1. The line original capacity was 20MW at 100kV which was later expanded and added a second line (Gotland 2). The original line was already dismantled but the lines Gotland 2 and Gotland 3 still operate together, forming a bipolar line with a total capacity of 260 MW.

Nowadays, there are many advantages in using DC transmission over AC transmission, which is among the most important:

  • Less investment cost: A transmission line for DC will always cost less for AC. The problem is the converters at both ends of the line, which will almost always cost more than a transformer.
  • Cheaper maintenance: The maintenance of an HVDC line is cheaper than an AC line.
  • Lower losses: A DC line has fewer losses than an AC line rated for the same power, one of the reasons being the absence of skin effect in DC transmission. However, the losses in the converter stations should not be ignored, especially for low power and short lines.
  • Better connectivity: In terms of transmission, two AC lines sometimes are impossible to connect (one of the reasons may be different frequencies). DC lines can always be connected provided they have the same voltage. In terms of generation, a DC source is also easier to connect to the grid, since we only have to worry about the voltage level, while in AC we have to worry about voltage level, frequency, and phase to be able to connect it without making a dangerous short-circuit.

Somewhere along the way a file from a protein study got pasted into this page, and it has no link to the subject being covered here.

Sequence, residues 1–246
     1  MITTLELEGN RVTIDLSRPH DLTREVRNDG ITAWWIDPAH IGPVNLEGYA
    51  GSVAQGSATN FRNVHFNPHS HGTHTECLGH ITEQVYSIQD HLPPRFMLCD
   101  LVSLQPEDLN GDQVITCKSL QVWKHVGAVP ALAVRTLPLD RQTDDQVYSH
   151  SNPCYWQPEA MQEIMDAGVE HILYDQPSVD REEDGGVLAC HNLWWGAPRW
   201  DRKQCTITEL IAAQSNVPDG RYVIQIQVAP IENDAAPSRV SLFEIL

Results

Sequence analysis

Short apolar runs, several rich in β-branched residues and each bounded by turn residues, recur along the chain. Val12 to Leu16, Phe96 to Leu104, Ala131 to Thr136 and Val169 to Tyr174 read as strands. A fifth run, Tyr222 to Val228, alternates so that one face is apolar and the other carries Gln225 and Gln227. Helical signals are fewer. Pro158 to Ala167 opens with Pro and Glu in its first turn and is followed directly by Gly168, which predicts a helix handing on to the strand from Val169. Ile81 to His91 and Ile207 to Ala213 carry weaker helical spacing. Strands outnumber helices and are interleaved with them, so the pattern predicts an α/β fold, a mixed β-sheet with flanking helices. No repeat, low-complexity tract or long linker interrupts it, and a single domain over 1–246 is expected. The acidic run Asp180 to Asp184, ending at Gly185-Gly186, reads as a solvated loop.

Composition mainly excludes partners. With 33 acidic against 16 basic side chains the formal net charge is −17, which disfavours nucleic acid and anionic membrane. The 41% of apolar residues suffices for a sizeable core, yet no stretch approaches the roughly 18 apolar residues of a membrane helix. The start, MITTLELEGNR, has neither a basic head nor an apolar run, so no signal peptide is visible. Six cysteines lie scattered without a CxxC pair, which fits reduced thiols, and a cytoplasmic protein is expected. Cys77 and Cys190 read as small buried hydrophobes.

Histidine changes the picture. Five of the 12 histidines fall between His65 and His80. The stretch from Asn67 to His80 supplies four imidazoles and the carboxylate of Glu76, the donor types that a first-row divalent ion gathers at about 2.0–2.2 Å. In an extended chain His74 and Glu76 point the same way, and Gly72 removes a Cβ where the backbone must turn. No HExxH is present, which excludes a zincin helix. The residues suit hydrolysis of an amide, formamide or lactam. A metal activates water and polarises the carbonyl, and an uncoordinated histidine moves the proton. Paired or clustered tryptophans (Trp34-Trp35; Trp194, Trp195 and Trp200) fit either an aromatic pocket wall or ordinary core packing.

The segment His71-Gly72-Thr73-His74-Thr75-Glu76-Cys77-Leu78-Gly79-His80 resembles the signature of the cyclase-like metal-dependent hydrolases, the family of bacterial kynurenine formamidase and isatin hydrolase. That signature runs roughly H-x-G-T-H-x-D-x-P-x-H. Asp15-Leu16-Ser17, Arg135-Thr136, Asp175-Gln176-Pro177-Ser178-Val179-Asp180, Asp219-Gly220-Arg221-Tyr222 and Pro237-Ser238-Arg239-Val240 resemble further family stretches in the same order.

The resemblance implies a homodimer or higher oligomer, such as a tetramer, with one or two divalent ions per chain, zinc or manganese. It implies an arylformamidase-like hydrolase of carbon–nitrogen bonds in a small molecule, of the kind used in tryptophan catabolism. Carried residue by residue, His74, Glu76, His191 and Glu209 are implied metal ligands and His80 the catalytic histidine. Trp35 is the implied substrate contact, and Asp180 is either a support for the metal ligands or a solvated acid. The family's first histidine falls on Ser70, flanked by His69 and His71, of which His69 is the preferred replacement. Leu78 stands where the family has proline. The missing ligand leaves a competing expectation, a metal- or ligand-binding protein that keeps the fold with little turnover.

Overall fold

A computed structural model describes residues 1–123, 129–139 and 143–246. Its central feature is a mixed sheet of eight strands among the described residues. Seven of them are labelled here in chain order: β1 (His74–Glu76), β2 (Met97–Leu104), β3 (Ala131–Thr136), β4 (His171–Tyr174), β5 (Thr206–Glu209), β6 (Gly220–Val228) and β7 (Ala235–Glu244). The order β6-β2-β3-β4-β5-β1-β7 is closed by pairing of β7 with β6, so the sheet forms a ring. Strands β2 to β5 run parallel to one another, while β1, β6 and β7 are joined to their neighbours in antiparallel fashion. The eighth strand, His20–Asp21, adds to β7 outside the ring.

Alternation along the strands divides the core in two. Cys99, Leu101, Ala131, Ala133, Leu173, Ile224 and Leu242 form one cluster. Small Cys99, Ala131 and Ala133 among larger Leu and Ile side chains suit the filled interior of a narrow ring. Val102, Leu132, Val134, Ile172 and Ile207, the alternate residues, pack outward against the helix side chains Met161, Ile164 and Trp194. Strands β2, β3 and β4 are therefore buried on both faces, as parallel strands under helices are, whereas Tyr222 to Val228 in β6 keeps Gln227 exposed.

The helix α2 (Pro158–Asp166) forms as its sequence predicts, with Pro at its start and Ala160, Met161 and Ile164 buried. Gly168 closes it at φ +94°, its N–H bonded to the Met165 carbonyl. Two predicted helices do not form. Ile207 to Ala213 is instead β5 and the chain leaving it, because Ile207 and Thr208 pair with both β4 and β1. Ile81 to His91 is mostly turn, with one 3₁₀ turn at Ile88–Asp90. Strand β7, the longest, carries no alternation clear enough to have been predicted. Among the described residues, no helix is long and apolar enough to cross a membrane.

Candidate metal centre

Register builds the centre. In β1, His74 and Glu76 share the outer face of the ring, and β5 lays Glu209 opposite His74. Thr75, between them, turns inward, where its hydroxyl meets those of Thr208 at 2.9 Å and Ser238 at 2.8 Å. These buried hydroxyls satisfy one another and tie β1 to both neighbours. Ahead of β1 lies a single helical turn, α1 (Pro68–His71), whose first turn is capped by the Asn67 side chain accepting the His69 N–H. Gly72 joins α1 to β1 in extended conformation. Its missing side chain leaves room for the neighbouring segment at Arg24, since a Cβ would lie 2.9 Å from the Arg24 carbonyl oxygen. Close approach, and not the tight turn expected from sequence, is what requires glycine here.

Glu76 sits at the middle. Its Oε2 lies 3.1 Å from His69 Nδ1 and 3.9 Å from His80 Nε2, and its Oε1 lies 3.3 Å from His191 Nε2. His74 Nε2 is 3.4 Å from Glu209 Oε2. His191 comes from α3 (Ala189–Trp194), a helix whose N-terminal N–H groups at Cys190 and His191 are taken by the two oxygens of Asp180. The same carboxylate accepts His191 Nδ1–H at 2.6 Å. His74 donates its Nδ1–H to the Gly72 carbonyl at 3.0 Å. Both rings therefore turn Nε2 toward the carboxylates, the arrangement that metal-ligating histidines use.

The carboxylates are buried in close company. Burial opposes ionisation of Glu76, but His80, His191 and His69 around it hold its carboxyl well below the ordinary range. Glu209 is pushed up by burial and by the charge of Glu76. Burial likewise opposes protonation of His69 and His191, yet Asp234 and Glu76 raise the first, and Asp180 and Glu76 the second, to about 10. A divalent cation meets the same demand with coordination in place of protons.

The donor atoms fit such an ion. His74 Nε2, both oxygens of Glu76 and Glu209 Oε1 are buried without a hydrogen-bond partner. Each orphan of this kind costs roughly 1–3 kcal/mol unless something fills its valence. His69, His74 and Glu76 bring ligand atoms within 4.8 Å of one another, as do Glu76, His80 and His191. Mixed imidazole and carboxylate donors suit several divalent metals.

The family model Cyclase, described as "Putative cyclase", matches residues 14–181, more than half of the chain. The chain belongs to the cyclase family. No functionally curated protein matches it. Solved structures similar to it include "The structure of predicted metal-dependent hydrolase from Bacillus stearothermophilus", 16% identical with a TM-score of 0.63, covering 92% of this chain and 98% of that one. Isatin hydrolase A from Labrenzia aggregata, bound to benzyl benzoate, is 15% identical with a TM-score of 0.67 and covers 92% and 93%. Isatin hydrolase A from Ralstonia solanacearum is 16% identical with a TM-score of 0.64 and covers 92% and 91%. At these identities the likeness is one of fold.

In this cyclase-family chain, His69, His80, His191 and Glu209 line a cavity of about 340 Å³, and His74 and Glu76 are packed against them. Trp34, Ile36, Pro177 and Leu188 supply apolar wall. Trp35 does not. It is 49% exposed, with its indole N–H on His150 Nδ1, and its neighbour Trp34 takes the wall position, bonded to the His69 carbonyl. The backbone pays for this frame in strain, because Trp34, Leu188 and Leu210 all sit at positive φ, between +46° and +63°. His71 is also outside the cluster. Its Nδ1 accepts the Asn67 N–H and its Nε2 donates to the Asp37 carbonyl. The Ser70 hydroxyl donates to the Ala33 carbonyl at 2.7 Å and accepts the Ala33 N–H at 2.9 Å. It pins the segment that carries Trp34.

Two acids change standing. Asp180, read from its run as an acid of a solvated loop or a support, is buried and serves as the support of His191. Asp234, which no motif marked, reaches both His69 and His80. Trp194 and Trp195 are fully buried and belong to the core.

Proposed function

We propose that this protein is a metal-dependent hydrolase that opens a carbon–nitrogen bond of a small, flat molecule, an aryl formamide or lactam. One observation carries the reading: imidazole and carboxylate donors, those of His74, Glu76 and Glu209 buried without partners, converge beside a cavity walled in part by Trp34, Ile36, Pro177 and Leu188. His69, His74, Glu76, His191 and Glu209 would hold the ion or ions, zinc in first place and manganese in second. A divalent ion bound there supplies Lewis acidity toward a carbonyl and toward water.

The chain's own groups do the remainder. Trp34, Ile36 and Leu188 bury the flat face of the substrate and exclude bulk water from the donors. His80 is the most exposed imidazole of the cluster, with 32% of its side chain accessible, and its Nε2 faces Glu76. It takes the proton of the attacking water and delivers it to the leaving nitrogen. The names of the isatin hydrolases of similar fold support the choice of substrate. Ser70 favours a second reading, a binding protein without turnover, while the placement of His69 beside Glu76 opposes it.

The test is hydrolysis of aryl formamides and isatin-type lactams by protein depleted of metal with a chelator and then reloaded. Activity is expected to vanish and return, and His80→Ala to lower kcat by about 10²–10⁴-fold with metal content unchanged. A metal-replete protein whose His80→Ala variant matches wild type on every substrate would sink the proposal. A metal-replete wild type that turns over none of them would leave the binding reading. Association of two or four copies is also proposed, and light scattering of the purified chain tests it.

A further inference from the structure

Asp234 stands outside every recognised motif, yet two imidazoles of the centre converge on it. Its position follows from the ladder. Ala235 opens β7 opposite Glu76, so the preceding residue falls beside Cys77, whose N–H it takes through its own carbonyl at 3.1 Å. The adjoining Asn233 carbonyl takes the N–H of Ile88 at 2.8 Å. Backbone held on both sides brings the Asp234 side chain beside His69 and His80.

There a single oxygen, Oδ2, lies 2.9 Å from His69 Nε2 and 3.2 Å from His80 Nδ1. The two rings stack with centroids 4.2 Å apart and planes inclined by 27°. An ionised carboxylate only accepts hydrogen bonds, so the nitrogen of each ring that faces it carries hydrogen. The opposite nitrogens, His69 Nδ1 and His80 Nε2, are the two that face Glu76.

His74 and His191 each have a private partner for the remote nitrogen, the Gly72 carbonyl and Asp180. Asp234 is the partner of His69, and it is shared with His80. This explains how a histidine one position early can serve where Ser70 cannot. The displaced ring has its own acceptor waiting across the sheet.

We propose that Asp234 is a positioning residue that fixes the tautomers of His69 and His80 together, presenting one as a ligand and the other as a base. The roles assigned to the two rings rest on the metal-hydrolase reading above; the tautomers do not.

• The reactive effects of the line can be ignored.

Every line can be considered an RLC circuit due to parasitic capacitances and inductances, which means in AC we will have reactive power circulating along with side active power, this means more current will be needed for the effective power usage, increasing losses. This effect greatly increases in underwater or close to earth cables. In DC this problem does not exist making it almost always the only solution for under-water power transmission.

  • Control: In HVDC the ability to control the active power in the line is very easy to do.